Mum was great and my sister lives just up the road so I was lucky. I didn’t have to struggle with shopping because I could either order it online or my sister would get both her groceries and mine at the supermarket. I didn’t do any vacuuming because that was really painful after just five minutes. As a result, my mum would come in and put the vacuum around or I would just ignore the state of the carpet! I was able to drive but could cope with just short, local journeys and again I was very lucky to have friends who were happy to ferry me around when they took their children to the library, the cafe or the swimming pool. In return, I used to bake cakes or biscuits to say ‘thanks’.

I had quite a lot of equipment around my house and I would also think through ways of looking after the baby which wouldn’t tax my back and make the PGP worse. For example, I had a stool in the kitchen to help me ‘perch’ as I cooked or washed up. I had various handles near the bath and the bed to help my mobility and I used one of those helping-hand pickers to pick up items from the floor. Both children, as small toddlers, learnt to get up on the sofa for cuddles so I didn’t have to bend. I got friends to visit when I had to do more demanding tasks so that they could do anything physical that I didn’t dare attempt. I also used a wheelchair when there was that option in town or when we visited parks or attractions. Although I didn’t always manage it, I tried not to rush as this seemed to increase my pain. I also started to go swimming with my friend or when my husband came home from work and could look after the children. We are lucky because there is a pool at the leisure centre two streets away. I couldn’t do any proper swimming (breaststroke involved a ‘kick’ that seemed impossible) but I could manage a very gentle backstroke, and sometimes just relaxing and floating helped me feel better. I also started a longstanding habit of having a deep, warm bath in the evenings because the warmth and relaxation seemed to reduce the pain and inflammation I felt around my pelvis.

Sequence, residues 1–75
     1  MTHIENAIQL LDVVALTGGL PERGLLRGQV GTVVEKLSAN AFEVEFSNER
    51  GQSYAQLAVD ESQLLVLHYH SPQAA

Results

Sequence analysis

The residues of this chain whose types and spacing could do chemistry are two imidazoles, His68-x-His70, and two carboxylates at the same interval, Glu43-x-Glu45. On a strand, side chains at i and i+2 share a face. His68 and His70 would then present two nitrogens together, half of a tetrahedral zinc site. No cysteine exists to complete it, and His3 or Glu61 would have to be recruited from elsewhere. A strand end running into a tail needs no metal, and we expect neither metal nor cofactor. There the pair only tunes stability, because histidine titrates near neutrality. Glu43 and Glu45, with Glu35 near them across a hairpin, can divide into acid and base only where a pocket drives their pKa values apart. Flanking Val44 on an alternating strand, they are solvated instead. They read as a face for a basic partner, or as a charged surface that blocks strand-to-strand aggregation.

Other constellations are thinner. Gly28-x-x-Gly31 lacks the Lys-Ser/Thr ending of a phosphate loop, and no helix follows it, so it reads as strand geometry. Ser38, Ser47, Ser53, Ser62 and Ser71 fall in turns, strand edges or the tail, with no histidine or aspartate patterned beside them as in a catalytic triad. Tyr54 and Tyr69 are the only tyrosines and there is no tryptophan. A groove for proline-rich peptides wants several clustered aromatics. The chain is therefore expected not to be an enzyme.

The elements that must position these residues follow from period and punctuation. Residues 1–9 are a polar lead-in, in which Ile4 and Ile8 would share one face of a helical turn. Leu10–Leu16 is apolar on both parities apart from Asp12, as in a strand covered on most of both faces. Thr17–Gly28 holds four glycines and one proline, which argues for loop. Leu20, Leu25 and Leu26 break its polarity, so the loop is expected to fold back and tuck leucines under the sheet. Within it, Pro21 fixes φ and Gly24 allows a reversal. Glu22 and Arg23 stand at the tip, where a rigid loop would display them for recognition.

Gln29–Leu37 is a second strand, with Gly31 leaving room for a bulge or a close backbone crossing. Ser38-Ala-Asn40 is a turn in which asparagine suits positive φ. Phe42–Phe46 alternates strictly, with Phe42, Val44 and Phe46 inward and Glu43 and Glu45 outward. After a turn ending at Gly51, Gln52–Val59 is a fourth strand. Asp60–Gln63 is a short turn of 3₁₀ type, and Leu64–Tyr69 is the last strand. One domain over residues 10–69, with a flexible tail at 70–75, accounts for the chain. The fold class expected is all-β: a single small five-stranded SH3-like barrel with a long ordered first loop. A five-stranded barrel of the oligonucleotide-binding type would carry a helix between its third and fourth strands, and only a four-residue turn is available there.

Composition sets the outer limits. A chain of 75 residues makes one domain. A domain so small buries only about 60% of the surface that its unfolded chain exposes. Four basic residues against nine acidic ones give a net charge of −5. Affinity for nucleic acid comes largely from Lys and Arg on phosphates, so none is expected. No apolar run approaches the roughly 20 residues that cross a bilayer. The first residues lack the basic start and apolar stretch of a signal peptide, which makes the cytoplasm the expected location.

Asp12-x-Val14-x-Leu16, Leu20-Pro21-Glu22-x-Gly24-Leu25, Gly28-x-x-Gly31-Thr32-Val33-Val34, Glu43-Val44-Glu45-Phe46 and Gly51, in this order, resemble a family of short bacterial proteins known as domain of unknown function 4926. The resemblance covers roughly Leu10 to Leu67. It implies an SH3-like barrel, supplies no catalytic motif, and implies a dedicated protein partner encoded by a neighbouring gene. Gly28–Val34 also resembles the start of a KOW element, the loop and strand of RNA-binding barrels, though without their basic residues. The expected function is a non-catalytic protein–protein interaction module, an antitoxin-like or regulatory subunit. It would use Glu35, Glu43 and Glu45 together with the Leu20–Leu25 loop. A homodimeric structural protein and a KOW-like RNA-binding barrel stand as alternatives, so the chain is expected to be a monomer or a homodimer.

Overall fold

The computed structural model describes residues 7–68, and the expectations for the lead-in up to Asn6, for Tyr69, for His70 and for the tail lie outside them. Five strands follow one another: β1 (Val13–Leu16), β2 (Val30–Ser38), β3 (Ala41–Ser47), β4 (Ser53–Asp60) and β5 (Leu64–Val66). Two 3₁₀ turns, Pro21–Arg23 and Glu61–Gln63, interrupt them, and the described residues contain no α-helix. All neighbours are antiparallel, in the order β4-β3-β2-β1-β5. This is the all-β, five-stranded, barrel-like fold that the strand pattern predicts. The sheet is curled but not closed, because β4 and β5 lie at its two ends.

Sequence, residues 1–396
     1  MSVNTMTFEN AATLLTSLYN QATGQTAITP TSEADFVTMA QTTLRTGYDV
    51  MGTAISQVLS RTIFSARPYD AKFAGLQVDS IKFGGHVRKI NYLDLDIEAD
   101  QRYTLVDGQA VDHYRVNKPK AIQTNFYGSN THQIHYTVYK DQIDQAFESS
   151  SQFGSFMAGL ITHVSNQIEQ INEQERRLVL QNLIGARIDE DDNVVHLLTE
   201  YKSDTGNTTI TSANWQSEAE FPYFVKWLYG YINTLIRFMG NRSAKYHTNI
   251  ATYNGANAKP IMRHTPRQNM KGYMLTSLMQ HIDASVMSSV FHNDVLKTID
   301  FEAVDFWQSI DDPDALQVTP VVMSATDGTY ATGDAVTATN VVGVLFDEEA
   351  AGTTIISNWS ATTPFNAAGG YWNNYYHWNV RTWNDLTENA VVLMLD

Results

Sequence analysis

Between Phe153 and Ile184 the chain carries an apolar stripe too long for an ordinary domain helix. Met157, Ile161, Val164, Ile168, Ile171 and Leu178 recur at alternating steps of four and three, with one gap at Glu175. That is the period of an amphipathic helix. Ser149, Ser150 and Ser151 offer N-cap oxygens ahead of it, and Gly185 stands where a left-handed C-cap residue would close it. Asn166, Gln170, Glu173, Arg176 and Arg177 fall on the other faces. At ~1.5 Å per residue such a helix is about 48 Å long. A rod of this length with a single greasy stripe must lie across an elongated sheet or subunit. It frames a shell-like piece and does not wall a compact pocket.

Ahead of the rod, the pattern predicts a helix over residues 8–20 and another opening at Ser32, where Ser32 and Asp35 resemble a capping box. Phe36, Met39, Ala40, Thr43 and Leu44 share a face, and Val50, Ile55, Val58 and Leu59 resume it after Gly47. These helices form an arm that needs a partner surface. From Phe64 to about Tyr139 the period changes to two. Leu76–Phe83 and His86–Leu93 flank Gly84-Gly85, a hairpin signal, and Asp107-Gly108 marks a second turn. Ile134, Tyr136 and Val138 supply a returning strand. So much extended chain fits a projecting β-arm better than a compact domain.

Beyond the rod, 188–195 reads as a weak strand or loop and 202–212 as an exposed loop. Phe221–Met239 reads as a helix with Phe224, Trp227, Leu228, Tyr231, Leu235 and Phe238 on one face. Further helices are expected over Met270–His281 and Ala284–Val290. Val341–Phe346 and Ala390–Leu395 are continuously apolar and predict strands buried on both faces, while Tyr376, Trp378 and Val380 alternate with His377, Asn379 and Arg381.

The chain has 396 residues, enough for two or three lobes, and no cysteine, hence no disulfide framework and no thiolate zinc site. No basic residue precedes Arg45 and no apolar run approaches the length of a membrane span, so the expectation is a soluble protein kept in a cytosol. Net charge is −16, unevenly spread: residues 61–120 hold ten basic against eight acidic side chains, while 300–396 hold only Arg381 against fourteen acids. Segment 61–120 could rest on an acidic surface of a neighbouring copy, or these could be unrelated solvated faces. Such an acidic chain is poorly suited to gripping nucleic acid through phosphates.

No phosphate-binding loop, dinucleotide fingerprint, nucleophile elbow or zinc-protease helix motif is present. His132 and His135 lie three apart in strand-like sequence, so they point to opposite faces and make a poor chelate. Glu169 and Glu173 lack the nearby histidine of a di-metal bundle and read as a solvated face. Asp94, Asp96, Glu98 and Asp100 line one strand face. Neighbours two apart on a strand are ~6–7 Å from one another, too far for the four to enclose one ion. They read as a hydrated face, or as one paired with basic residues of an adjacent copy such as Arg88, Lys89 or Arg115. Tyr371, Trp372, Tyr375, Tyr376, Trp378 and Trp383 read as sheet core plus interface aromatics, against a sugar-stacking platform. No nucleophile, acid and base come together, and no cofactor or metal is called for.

I was very frustrated that it took me so long to find the help I needed from a private physio to recover from PGP, but I think that I might have made a much slower recovery if I had used painkillers, blocked the messages about pain I was experiencing and then tried to do too much. It took me around six months, after I found good manual therapy, to really function normally again and I couldn’t enjoy any of my old sports until about two years after that (but I did avoid trying them, too, as I was scared that the old pains might return). I appreciate that this is just my viewpoint and perhaps those with very pronounced pain wouldn’t be able to manage at all without some sort of painkiller.

Thanks to Susan for sharing her story and the steps she took to reduce her experience of PGP during her pregnancies. Susan did go to talk about painkillers with her doctor and as everyone’s experience of PGP will be different – even with some elements in common – it is important to find out directly from your own manual therapist and GP what might work best for you.

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The Pelvic Partnership consists of volunteers who have had pelvic girdle pain (PGP) and wish to support other women. We aim to pass on information based on both research and the experience of other women with PGP. We are not medical professionals and cannot offer medical advice and the information we provide should not take the place of advice and guidance from your own health-care providers. Material on this site is provided for information and support purposes only.